More About Drawing
One of the things that makes humans unique is our self awareness. We are all born with an urge to express ourselves by singing, dancing and showing our emotions. We want to communicate how we are feeling to others around us. We also have an innate urge to make marks. If you ask any small child if they can draw or paint they will say ‘yes’ and happily show you.
It seems to be an inborn urge to make draw symbols of what we see around us. Perhaps this helps us to connect to our environment and make sense of it….. Drawing as a form of communication and connection goes right back to our human roots. Our self awareness, creativity and inventiveness have made us the most powerful animal on earth.
Little children begin by scribbling (on everything!) until they – miraculously – form a circle. Apparently young chimps love to scribble as well, and some even manage to make a circle too, but they do not take the symbol any further. Human children put dots and lines inside that circle – and suddenly it represents a face, usually Mummy’s, or the face of their primary carer. That face is the most important feature of their world and when it appears they know that they are safe and will be cared for. They draw that circular image over and over again, beginning to add other people in their world, and adding stick legs because the faces move, and stick arms and fingers because the faces do things with them. Their drawings are completely logical symbols of the world as they experience it. This is why art therapists can read so much into a child’s pictures.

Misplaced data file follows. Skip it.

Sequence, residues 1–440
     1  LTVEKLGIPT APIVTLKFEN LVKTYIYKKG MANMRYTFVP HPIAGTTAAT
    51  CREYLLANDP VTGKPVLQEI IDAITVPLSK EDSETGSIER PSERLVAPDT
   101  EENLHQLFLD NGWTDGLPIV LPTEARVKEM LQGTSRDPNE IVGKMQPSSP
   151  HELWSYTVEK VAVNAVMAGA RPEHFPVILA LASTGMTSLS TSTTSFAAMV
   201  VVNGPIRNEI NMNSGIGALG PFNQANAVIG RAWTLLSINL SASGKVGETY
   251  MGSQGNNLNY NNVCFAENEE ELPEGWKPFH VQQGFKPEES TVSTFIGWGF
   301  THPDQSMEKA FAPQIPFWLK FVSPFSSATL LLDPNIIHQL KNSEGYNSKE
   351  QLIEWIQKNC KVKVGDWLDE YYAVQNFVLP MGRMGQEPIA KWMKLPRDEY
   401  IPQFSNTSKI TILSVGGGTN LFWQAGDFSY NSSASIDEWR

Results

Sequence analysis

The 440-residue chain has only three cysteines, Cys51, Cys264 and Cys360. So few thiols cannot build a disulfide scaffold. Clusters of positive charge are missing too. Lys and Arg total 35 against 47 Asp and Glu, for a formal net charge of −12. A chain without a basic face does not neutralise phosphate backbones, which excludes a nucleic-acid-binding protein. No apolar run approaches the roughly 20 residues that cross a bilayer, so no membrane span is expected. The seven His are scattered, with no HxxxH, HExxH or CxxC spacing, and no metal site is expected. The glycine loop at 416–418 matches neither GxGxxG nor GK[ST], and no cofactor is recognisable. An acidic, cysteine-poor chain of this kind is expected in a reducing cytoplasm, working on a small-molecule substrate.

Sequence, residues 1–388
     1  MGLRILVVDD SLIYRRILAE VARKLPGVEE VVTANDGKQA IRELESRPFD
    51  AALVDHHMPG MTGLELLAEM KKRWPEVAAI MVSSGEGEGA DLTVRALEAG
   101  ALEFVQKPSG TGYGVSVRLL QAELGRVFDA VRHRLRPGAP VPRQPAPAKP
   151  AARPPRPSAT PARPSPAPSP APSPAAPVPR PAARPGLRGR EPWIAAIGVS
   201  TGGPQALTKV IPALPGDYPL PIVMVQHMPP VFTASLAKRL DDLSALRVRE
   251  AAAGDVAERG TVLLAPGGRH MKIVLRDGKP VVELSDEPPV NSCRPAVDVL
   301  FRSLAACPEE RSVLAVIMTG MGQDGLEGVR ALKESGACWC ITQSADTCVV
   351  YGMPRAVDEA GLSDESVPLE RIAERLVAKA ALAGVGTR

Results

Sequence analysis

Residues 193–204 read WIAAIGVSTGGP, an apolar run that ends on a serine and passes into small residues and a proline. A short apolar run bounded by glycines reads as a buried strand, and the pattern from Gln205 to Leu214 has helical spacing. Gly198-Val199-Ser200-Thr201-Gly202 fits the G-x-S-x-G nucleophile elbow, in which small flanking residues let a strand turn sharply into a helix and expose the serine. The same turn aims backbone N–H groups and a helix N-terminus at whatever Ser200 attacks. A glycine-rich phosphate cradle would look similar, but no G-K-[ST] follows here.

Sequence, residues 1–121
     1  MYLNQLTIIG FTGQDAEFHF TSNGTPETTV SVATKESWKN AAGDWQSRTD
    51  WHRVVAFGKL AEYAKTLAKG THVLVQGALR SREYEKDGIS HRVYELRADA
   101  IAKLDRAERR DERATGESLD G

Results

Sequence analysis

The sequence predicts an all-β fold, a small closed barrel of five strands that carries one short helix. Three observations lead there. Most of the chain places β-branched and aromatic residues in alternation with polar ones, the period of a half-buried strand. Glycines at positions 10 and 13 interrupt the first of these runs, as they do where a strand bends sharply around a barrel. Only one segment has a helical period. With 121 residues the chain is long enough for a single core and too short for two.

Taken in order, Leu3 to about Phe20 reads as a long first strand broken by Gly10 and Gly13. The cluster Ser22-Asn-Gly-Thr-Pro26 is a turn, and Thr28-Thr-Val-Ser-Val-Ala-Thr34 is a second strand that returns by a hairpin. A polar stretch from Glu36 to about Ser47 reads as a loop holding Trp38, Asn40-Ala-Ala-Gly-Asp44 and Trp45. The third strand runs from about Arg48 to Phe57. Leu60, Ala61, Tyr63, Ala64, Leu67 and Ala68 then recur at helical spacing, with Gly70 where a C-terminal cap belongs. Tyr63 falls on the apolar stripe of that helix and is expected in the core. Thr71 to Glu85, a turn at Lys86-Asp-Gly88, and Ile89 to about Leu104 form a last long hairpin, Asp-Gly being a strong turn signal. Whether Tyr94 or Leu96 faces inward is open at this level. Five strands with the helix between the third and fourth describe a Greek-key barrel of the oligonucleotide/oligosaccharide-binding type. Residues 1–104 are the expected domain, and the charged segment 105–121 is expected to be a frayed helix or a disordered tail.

One of my daughters drew us all as a family when she was very young; I was the only one with fingers though. In her world perhaps it seemed that I was the only one that did anything!
Little children are sponges, and will happily copy other people’s images to complement their own. They are very happy to be shown how to draw a simple house, a tree, a bird. They copy each other’s images and symbols too. It is interesting that children’s drawings look remarkably similar the world over.
An exercise I sometimes give my students is to draw a simple landscape pretending that they are about five. The first thing they notice is how HAPPY this makes them feel! Then we see how similar their drawings often are, and one thing that I love is that Maltese students will usually draw little houses with pointed roofs and chimneys, when there is no such thing in typical Maltese architecture. I wonder how children would draw if they were not shown anything at all?
My family had a Spanish au pair girl when I was very small and she used to draw little Princesses for me. They all looked the same and I loved them. I wonder if that sparked my fascination with drawing the human figure?